The project is the work of Human Controller, who posts his creations on his YouTube channel. The floating Rubik's Cube began life a year ago when he upgraded a standard version of the toy with a 3D-printed core, servos, wiring, and batteries so all of the sides can spin.
Technically, this Rubik's Cube doesn't really solve the puzzle. It uses an Arduino board to record all the movements that were performed as the colors are being scrambled. These are then repeated in reverse, leading to the completed puzzle. Rather than the device precariously rolling around on a table as it twists and turns, the latest version now floats in mid-air as it solves itself. The trick is performed using some magnets hidden inside the cube and a magnetic base. You can see more photos and videos showing the internals of the cube and its workings in this post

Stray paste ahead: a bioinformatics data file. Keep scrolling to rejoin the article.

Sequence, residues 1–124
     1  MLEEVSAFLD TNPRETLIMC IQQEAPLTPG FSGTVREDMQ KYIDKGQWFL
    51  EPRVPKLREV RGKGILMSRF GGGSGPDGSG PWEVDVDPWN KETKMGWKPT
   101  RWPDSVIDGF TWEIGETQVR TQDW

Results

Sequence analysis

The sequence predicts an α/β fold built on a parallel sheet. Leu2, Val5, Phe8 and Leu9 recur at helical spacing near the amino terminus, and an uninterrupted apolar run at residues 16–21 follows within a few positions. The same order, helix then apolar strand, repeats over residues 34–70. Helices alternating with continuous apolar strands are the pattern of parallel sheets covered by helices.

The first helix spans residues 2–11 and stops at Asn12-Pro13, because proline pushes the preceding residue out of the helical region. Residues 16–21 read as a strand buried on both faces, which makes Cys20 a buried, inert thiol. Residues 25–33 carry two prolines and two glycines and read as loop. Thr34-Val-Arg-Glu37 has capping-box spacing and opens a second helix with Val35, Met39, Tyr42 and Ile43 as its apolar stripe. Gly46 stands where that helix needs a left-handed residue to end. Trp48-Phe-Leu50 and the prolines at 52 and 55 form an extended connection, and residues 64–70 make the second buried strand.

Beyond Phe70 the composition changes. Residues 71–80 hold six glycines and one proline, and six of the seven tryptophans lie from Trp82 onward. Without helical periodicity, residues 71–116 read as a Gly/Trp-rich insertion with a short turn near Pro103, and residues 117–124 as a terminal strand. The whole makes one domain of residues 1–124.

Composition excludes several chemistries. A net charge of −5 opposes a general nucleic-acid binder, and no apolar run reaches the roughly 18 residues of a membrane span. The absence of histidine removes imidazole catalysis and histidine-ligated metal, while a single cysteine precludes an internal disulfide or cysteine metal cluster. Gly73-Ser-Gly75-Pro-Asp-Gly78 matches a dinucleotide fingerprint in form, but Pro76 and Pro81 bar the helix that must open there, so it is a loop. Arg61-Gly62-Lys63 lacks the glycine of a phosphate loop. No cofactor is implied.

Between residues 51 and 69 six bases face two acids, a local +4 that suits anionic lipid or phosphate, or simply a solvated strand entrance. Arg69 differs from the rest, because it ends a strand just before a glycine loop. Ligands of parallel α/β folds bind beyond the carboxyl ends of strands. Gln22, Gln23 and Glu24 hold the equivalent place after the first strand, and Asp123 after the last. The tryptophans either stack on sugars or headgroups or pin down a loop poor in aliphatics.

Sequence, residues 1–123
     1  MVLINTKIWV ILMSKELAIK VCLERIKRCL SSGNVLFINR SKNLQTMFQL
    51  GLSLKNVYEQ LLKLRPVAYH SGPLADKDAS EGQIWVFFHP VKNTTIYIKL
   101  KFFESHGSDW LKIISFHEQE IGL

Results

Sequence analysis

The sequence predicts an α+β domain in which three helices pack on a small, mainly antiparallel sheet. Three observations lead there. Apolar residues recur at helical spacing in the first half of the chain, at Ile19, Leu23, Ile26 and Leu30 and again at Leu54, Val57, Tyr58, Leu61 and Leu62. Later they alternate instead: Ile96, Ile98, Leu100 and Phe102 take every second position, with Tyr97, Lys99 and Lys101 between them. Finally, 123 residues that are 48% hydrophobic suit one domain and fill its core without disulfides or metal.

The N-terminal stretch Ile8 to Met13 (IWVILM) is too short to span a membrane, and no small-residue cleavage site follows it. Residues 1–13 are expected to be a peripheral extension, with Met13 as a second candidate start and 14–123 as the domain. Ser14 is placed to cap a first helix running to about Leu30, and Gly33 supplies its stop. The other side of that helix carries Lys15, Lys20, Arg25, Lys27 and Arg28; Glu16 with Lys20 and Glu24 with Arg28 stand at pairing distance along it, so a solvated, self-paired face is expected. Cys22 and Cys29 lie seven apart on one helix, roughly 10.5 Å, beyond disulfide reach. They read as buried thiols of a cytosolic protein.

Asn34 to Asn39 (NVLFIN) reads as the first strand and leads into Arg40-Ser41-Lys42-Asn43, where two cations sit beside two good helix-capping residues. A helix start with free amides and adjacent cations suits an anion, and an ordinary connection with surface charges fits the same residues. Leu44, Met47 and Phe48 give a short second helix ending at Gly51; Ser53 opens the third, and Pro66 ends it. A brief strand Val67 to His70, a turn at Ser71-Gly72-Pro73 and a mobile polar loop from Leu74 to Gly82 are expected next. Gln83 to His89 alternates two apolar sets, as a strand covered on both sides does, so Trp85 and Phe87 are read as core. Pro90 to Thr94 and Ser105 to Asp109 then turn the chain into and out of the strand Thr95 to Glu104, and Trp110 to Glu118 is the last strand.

from Human Controller. In March last year, Massachusetts Institute of Technology robotics student Ben Katz and software developer Jared Di Carlo crafted a machine that can solve a Rubik's Cube in a record 0.38 seconds, beating the previous machine record of 0.637 seconds. The human record for solving one of the puzzles is 3.47 seconds, which China's Du Yusheng set in 2018.